Three elected to National Academy of Engineering
Posted February 18, 2002; 03:33 p.m.
Three Princeton faculty members have been elected to the National Academy of Engineering , one of the highest distinctions in the field of engineering. The election brings the total number of academy members at Princeton to 14.
C.K. (Ed) Law, Bede Liu and Brian Kernighan were among 81 engineers chosen for academy membership in its recent annual elections. Membership in the academy honors those who have made "important contributions to engineering theory and practice" and those who have demonstrated "unusual accomplishment in the pioneering of new and developing fields of technology."
Law, the Robert Goddard Professor of Mechanical and Aerospace Engineering , was honored for "outstanding contributions to the understanding of the fundamentals of combustion processes and theory and the applications in propulsion systems." He joined the Princeton faculty in 1988.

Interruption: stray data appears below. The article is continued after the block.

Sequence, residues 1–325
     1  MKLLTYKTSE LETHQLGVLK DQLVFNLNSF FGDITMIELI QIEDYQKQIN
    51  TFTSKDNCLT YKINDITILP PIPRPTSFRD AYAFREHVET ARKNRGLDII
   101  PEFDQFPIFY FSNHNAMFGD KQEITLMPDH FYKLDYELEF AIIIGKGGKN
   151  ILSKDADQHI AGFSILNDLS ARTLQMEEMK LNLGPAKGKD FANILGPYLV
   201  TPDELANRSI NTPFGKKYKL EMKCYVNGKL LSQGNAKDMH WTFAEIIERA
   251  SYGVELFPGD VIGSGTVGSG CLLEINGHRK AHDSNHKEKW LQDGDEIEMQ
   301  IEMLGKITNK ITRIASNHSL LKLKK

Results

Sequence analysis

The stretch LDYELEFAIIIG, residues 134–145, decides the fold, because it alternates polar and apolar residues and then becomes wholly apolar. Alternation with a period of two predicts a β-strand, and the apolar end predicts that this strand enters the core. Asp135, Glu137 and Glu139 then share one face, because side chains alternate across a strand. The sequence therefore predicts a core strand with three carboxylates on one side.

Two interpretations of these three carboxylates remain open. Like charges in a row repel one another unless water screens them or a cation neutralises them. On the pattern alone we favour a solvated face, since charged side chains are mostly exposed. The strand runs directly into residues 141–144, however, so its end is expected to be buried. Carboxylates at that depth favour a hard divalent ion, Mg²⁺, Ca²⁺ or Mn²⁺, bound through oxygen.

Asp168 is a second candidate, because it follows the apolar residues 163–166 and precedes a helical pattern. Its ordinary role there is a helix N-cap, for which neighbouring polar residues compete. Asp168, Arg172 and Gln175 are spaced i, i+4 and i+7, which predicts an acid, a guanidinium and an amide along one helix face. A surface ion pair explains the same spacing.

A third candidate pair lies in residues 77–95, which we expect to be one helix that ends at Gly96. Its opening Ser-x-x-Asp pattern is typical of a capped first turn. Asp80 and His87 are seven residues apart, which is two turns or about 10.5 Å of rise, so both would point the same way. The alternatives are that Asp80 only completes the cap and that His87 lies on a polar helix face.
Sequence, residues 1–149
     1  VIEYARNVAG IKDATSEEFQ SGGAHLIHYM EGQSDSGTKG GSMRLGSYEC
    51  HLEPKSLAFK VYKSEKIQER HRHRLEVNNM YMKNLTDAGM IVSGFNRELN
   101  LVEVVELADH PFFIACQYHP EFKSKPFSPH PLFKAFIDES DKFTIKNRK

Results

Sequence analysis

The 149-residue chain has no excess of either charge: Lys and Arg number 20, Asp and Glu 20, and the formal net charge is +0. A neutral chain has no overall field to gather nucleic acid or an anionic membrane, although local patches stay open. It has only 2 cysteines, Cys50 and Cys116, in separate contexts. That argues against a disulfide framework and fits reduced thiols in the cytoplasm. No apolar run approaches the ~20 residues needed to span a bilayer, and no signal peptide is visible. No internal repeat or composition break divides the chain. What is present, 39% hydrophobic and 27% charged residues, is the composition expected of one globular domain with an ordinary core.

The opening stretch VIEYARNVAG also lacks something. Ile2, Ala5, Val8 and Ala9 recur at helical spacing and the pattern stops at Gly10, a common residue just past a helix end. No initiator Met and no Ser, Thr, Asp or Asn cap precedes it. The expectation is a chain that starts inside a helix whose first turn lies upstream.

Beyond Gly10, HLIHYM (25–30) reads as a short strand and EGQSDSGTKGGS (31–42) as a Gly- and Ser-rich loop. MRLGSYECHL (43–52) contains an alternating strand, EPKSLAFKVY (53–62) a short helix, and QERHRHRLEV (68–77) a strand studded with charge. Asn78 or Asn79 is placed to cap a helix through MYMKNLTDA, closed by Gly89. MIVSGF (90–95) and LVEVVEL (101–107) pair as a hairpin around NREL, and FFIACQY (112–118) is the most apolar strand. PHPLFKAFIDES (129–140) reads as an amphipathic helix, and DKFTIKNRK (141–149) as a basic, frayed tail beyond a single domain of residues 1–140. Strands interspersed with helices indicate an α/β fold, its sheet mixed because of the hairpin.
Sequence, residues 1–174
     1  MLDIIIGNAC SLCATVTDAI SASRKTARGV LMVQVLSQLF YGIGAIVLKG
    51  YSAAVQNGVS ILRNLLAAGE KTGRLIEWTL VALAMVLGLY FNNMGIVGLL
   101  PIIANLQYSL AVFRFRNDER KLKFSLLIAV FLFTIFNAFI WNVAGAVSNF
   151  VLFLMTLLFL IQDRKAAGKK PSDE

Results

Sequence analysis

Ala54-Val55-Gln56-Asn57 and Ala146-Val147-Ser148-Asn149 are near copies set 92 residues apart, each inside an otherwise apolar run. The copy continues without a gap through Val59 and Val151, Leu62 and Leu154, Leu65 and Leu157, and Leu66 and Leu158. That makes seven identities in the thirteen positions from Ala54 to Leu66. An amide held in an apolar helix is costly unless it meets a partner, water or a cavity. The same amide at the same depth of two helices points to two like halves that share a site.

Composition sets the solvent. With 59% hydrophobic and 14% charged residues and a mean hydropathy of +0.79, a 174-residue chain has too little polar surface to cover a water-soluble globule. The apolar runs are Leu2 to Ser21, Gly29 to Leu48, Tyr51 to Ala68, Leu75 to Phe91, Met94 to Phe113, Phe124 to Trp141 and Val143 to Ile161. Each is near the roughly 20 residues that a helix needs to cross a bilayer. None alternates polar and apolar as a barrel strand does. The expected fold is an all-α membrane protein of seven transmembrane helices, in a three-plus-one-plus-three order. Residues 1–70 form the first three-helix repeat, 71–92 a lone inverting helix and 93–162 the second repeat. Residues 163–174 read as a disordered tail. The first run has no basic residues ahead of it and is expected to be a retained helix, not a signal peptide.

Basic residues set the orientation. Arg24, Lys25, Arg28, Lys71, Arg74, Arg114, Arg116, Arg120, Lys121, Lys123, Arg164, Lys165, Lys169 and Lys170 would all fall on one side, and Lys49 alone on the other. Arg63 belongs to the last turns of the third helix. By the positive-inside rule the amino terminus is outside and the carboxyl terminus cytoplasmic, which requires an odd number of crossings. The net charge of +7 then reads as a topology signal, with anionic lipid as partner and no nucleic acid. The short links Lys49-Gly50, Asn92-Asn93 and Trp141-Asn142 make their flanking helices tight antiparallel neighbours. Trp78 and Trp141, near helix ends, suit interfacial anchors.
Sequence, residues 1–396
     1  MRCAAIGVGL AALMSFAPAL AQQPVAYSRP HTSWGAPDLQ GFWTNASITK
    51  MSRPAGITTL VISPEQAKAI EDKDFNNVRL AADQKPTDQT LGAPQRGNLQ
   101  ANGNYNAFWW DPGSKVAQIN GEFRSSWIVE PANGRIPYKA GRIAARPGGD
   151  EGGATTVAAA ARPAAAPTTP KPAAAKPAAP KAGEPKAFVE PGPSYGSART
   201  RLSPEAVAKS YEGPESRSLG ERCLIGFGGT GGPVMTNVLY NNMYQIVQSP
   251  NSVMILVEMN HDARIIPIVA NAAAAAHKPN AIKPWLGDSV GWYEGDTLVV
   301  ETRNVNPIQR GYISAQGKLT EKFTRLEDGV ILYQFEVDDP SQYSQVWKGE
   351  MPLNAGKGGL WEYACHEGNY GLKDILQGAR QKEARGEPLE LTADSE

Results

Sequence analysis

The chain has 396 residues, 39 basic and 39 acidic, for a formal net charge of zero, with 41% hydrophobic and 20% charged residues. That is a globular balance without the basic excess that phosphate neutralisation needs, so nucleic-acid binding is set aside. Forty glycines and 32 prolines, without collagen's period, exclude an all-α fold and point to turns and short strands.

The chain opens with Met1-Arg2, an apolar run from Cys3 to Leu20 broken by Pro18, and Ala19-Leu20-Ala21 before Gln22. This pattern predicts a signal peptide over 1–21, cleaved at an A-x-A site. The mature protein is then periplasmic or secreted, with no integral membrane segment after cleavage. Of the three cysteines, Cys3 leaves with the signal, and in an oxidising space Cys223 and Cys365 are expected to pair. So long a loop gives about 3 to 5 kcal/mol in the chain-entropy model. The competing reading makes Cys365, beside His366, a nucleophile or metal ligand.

Liu, professor of electrical engineering , was cited for his "contributions to the analysis and implementation of digital signal processing algorithms." He has been at Princeton since 1962.
Kernighan, professor of computer science , was elected for "contributions to software and to programming languages." He came to Princeton in 2000.
"The election of these three outstanding professors highlights the distinction of our engineering faculty at Princeton," said James Wei, dean of the School of Engineering and Applied Science . "Since our engineering school is relatively small, we think it quite an achievement if just one of our faculty is elected in a particular year. To have three members of the faculty elected into this elite body in one year is unprecedented. Each of them has contributed in innumerable ways to their respective scholarly fields, as well as to the successes of our teaching and research programs here at Princeton."
Contact: Marilyn Marks (609) 258-3601